At last, after what seemed an eternity of flying over limitless miles of jungle, our prop airliner landed at the Rio de Janeiro airport.
We had left New York 23 hours ago. My eyelids felt leaden as we looked around for my husband, Eric. My 11-year-old, Mike, clung to his beloved fishing rod. ''Now what do we do?'' he asked.
Where was Eric? He had told us before we left New York: ''In case I'm held up somehow, here's a phone number to call,'' and added, ''In Rio you never know how long anything's going to take.''
Rio! Never in all my growing-up years had I ever contemplated going to Rio. The Southern hemisphere was the world's other dimension to me.
And here we were on a permanent visa. ''It'll take at least two years to finish the film,'' Eric had told me.
How lighthearted his letters had been - full of adventure and optimism. But he wasn't even here to welcome us.
My heart was sinking. The air was soggy, and it was getting dark. How could we even find a phone? A man on the plane had coached me in how to pronounce 251512 in Portuguese. He'd rehearsed with me endlessly.
''You've got to pronounce it right: Dois cinco, um cinco un dois,'' he had insisted. ''You probably won't find a dial phone.''
How could Eric do this to his one and only wife? I thought to myself in self-pity. Then, suddenly, there he was, streaking across the tarmac, apology mixed with embraces. ''Held up for half-an-hour on the way!''
''Look at those stars!'' he enthused as we drove out of the airport. ''Mike, there's the Southern Cross. You've never seen that before!''
All I longed to see was the good old North Star.
A wild truck driver careened in front of us. Eric lay on his horn. A woman, with a huge basket on her head out of which protruded a live chicken, plunged across the street.
''Eric, how much farther is it? I can't hold my eyes up any....'' I pleaded.
He glanced at me. ''Sorry, but actually we're going to visit one of the port workers. They want to meet you. They're so grateful that we're doing the film.''
The film, of course, the film! That's why we were here. That's why 20 of our crew, all volunteers, were already here. Overwhelmed by the strangeness of everything, I'd forgotten, and I was ashamed.
The port workers had done the hard part. All we had to do was reenact it with them. It was they who had accomplished what people called the impossible.
All we'd done was volunteer to put it on film so that other countries would have the chance to know how these men had thrown out the gangster boss of the port; how they had returned truckloads of stolen goods they'd taken; how each one had decided to leave his two guns and his knife at home when he went to work; and how they had held the first democratic election ever in the port and, in spite of the Communists' wild promises, had won.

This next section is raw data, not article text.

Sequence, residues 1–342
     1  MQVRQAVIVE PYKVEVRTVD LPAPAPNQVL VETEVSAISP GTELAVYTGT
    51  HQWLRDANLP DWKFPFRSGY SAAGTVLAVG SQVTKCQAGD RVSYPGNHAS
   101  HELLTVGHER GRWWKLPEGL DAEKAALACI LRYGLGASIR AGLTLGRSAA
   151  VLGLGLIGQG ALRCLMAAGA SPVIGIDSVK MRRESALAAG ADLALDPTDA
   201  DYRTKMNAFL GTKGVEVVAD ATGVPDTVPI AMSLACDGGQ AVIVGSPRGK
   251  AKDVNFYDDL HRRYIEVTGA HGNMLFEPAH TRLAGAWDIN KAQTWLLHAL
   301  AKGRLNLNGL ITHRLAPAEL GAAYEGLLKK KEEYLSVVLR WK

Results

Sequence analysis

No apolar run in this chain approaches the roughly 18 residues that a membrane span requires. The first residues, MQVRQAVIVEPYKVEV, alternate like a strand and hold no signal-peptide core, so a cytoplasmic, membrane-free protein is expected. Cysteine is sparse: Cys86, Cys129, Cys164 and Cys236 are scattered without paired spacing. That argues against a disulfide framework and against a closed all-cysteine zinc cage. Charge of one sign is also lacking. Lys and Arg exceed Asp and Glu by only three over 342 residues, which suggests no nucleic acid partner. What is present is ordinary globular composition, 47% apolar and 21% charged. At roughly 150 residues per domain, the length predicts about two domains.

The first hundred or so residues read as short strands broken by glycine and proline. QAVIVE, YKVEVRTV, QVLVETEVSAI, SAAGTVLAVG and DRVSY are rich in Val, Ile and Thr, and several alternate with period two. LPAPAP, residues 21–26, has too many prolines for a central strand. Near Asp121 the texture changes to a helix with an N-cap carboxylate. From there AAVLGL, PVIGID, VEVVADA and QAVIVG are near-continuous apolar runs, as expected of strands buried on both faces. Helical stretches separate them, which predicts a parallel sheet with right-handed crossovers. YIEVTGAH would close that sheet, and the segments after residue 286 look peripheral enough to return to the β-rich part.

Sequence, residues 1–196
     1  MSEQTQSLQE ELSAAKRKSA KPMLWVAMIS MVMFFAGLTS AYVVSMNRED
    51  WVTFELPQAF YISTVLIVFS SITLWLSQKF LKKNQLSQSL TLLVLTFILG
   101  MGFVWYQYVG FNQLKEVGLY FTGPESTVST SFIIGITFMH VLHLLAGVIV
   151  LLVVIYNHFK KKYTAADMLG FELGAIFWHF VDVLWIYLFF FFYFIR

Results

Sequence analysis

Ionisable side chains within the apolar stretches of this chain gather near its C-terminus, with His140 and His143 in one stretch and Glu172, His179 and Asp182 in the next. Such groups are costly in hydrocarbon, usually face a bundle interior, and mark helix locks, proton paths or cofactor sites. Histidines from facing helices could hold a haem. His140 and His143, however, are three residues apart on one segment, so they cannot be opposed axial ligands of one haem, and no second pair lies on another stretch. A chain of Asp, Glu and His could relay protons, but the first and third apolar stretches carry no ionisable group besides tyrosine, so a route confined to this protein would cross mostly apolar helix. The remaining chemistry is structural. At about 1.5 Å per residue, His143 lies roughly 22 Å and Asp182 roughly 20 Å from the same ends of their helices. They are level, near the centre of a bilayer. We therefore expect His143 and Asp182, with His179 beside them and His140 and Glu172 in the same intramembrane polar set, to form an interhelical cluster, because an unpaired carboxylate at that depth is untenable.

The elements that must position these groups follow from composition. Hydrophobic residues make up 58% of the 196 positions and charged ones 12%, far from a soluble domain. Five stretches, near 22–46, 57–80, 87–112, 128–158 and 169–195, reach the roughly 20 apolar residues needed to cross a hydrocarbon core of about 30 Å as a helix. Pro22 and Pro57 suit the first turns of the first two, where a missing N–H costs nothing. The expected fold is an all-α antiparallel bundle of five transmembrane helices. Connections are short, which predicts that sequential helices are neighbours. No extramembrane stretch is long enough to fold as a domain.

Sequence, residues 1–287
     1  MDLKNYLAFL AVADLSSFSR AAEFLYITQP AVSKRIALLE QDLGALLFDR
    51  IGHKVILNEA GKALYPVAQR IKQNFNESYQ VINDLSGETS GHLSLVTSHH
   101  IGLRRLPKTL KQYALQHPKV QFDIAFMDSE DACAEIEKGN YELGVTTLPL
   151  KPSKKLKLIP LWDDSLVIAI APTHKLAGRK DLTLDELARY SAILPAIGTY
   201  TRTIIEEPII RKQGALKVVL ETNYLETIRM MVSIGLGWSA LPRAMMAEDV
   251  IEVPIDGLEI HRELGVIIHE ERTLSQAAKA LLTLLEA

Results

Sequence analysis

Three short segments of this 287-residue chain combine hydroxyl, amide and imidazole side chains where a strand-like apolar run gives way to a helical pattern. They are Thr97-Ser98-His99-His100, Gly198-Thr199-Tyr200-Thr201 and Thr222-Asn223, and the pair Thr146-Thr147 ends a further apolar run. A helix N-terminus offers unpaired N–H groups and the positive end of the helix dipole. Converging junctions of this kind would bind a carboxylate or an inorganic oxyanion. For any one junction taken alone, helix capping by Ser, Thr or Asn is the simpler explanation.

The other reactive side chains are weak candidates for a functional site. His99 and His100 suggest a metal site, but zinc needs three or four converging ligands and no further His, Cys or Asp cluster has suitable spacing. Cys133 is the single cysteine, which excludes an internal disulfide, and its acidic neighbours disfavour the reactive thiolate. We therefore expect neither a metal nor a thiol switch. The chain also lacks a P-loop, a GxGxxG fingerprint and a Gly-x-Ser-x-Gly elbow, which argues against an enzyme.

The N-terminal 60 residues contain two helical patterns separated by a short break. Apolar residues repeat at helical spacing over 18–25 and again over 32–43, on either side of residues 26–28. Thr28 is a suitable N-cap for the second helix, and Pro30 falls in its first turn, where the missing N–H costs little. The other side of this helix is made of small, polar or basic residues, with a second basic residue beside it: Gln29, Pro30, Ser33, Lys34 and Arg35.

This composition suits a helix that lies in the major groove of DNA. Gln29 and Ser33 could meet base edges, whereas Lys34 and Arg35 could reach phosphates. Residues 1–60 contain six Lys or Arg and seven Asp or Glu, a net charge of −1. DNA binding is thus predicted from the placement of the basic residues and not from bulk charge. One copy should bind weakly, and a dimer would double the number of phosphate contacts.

''Please,'' they had written Eric, ''if a film could be made about how this happened, we wouldn't have to travel so much to other countries to tell about how we did it. And we can't afford to be away from our work and our families so much.''
At the ''Villa Portuaria,'' the tiny fourth-floor apartment opened onto a common balcony. As we arrived, 10 people rushed out to meet us with shouts and embraces. The words were totally beyond me. In the excitement, translation was impossible. If it had been Italian - or even German or French - I could have understood at least a word or two . But Portuguese!
We sat together, crammed into the minute room. The furniture was sparse: a few straight-backed chairs and a rickety table. But above us shone an incredibly elaborate chandelier.
Everyone seemed to talk at once. They included me in their glances, but I couldn't enter in. There was some translation, but not enough. In the midst of them all, I felt excruciatingly alone. I tried desperately to keep awake. I told myself: Forget the endless jungle you crossed; forget the wild traffic; forget the strange language. Just forget yourself!
Suddenly, there was total silence in the room. I looked around: In the doorway stood a young man holding a tiny black-haired baby in his arms. No one said a word as he stepped into the room and came straight over to me. Without a word, he gently placed the baby in my arms. Still silent, he turned and vanished.
The baby must have been only a few days old. He looked up at me, a total stranger, in perfect contentment. No whimper, no fear. His trust was total.
My heart flipped over. I touched his head, his strong black hair. There was the flicker of a smile. I looked over at my new friends and could say absolutely nothing in English or any other language.
Finally, one of the women spoke, with translation: ''He wants to thank you for coming,'' she said. ''This is the most precious thing he has in all the world, so he is sharing it with you for the evening.'' She paused a moment. ''You see, he wants to make you welcome.''